The U.S. Supreme Court (SCOTUS) has again determined that the Centers for Disease Control and Prevention (CDC) lacks the authority to institute a nationwide prohibition of evictions under the guise of preventing the interstate spread of infection of COVID-19. The CDC’s prohibition relied upon §361(a) of the Public Health Service Act, but in reaching its decision the Supreme Court pointed out that this provision, originally passed in 1944, “has rarely been invoked—and never before to justify an eviction moratorium.”
In a prior decision, issued June 29, 2021, SCOTUS had opined that the CDC lacked the authority to issue an administratively-imposed nationwide ban on evictions, and that any such action would have required “clear and specific congressional legislative authorization (via new legislation) . . . to extend the moratorium past July 31.” As such, one could not be blamed for assuming that the Court’s order would have ensured that no further extensions would be issued without the necessary congressional authority – by specific legislation. Particularly, as the CDC acknowledged its lack of authority when faced with political pressure but rightly refused to extend that particular moratorium.
In a surprisingly audacious move, the CDC nonetheless issued a subsequent moratorium prohibiting certain evictions through October 3, 2021. This new moratorium was purportedly more limited and targeted, as it was restricted to areas of the country with “high or substantial” transmission of COVID-19. However, in practice this criteria made the CDC’s latest order applicable to approximately 90% of renters. This was not lost on the Court, which noted that “the new moratorium is indistinguishable from the old.”
SCOTUS issued a 16-page Per Curiam Decision reiterating its position regarding the necessity of specific Congressional action, and vacating the stay of enforcement of a judgment issued by the U. S. District Court for the District of Columbia, which had vacated the moratorium on the ground that the CDC lacked statutory authority to impose it in the first place, and it was therefore unlawful. That judgment is now enforceable and the CDC moratorium is vacated.
SCOTUS, which had previously declined to vacate the stay, reasoning that the moratorium was at the time, scheduled to expire in “only a few weeks” pointed out that:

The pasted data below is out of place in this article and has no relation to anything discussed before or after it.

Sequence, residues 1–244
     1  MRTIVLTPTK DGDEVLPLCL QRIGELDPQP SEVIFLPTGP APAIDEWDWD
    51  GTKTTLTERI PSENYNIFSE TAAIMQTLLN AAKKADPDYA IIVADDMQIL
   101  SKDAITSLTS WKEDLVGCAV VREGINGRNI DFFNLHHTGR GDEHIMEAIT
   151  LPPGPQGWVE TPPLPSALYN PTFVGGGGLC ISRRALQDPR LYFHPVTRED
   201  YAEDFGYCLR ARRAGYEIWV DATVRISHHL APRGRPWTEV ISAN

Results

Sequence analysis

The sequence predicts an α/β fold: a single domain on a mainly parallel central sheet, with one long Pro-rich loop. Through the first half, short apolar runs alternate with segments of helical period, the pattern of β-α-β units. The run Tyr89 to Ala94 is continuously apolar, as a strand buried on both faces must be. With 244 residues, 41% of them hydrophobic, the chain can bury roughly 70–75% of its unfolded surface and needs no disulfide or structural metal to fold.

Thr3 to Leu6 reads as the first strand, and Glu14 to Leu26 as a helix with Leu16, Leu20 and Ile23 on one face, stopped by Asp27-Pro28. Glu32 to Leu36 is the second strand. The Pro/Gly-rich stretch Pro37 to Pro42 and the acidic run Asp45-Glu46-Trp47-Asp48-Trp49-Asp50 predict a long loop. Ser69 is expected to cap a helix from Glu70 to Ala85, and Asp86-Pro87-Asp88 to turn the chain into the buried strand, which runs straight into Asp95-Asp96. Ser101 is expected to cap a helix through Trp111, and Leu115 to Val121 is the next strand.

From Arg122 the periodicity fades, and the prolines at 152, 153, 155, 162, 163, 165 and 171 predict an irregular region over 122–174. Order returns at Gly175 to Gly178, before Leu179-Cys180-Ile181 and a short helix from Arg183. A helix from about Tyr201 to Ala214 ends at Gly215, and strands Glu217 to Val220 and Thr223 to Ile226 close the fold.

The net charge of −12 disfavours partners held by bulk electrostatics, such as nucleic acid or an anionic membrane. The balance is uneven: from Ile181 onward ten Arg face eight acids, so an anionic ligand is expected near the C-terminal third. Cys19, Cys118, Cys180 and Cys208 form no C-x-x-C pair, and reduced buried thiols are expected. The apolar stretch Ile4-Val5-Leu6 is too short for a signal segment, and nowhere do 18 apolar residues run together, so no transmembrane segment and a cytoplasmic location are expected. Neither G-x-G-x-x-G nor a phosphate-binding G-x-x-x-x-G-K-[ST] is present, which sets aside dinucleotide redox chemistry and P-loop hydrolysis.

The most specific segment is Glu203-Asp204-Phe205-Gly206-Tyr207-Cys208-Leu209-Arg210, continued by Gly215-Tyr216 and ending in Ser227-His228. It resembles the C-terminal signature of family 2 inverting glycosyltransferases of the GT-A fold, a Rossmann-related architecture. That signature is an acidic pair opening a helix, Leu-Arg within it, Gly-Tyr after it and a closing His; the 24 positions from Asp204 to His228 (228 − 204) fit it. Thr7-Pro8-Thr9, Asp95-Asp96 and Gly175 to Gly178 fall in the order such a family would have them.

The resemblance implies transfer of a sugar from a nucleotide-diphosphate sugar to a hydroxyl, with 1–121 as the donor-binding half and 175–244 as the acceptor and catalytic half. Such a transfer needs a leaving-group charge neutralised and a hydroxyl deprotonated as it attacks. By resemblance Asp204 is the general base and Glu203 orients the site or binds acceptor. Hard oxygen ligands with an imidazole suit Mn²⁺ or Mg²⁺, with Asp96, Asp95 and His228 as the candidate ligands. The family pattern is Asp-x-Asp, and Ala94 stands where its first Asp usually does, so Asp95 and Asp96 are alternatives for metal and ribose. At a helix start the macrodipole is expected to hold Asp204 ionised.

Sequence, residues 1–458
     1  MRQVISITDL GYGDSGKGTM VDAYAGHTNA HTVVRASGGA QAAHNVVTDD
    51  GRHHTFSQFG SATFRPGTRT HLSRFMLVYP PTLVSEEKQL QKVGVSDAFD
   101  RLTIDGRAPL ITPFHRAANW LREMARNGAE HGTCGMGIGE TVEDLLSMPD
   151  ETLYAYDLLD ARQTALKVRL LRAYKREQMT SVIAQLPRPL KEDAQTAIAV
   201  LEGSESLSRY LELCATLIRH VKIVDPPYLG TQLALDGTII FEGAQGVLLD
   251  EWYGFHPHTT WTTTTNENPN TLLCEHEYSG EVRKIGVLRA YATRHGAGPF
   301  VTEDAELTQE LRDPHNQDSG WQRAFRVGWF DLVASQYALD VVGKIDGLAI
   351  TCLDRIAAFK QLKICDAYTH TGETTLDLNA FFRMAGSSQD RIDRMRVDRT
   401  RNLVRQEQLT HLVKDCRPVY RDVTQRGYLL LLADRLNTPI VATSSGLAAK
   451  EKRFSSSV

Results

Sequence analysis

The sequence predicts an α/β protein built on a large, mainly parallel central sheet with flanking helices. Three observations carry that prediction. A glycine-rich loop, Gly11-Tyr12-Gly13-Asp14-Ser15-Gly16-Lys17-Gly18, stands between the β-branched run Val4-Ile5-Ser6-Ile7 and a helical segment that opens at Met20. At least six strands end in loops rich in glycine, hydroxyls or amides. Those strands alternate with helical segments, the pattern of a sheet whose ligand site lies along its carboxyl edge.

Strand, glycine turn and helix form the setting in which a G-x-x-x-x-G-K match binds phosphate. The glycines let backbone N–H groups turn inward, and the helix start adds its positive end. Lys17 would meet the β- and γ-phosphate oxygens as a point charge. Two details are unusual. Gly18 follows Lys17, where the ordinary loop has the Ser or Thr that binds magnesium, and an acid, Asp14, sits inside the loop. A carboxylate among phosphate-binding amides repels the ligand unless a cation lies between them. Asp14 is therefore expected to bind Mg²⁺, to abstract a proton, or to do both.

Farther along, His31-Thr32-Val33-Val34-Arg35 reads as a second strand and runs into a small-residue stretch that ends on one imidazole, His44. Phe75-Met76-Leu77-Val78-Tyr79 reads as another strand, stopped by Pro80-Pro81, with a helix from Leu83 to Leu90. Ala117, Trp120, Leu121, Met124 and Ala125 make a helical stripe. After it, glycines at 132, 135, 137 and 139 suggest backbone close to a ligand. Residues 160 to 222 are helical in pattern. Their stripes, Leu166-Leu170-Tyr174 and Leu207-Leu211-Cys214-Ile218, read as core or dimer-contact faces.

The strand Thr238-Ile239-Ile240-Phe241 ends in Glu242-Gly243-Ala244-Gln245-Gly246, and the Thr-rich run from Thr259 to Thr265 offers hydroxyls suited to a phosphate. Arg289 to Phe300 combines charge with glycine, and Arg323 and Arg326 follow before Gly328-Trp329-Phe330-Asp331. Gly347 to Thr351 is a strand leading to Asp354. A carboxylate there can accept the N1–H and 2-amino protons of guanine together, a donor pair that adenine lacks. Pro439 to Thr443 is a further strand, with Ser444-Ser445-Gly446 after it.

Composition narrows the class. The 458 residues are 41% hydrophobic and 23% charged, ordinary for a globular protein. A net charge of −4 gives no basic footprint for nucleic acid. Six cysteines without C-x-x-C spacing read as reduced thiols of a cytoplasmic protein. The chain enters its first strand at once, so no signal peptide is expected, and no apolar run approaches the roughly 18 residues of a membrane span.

“It would be one thing if Congress had specifically authorized the action that the CDC has taken. But that has not happened. Instead, the CDC has imposed a nationwide moratorium on evictions in reliance on a decades-old statute that authorizes it to implement measures like fumigation and pest extermination. It strains credulity to believe that this statute grants the CDC the sweeping authority that it asserts.”
In its decision, SCOTUS agreed with the District Court’s conclusion that its stay was no longer justified and that the plaintiffs, in their challenge of the CDC’s authority to issue the moratorium, “not only have a substantial likelihood of success on the merits—it is difficult to imagine them losing.” The Court was particularly troubled by the fact that the Government had “identified no limit in §361(a) beyond the requirement that the CDC deem a measure ‘necessary’” and that such a “claim of expansive authority under §361(a) is unprecedented” as the CDC would thus be empowered to deem all manner of tangential actions “necessary” and potentially issue sweeping mandates accordingly, without meaningful controls on its means, methods or authority to do so. In fact, as to the latest CDC moratorium, the CDC went so far as to include criminal penalties and substantial fines for violators.
The Court also noted that since its enactment in 1944, “no regulation premised on [§361(a)] has even begun to approach the size or scope of the eviction moratorium. And it is further amplified by the CDC’s decision to impose criminal penalties.” Clearly, leaving such unchecked interpretive breadth to a government agency should concern us all. The proper path to authorization of such governmental action is through Congressional legislative act(s). And as SCOTUS provides, in such instances “[w]e expect Congress to speak clearly when authorizing an agency to exercise powers of “vast ‘economic and political significance’”, concluding that “[i]f a federally imposed eviction moratorium is to continue, Congress must specifically authorize it.”
New York landlords also need to consider State legislation, including the COVID Emergency Eviction and Foreclosure Prevention Act (CEEFPA) and the COVID-19 Emergency Protect Our Small Businesses Act of 2021 (EPOSBA), which, in the absence of a special legislative session to extend these, are set to expire on August 31, 2021. New York Gov. Kathy Hochul, has expressed support for the Legislature’s efforts to “strengthen the eviction moratorium legislation" and has signaled a willingness to call a special session of the Legislature to do just that.
As we have written here before, both CEEFPA and EPOSBA include uncontestable self-certifications, and SCOTUS recently struck down Part A of CEEFPA (link to decision) due to its failure to allow landlords due process to contest a tenant’s self-serving hardship declaration. However, the Court has only ruled on CEEFPA’s Part A. Presumably, a challenge of the similar provisions of EPOSBA would result in a similar ruling of unconstitutionality. However, for now, the EPOSBA self-certified hardship declarations remain effective and uncontestable, as do the remaining provisions of both Acts.
The constantly shifting landscape continues to transform the way landlords must deal with defaulting tenants. Each situation is unique and landlords are advised to consult with a knowledgeable attorney, capable of navigating these complex and evolving enforcement requirements and to discuss options and resources that can be utilized to assist in recovering possession of their properties and collecting past due rent.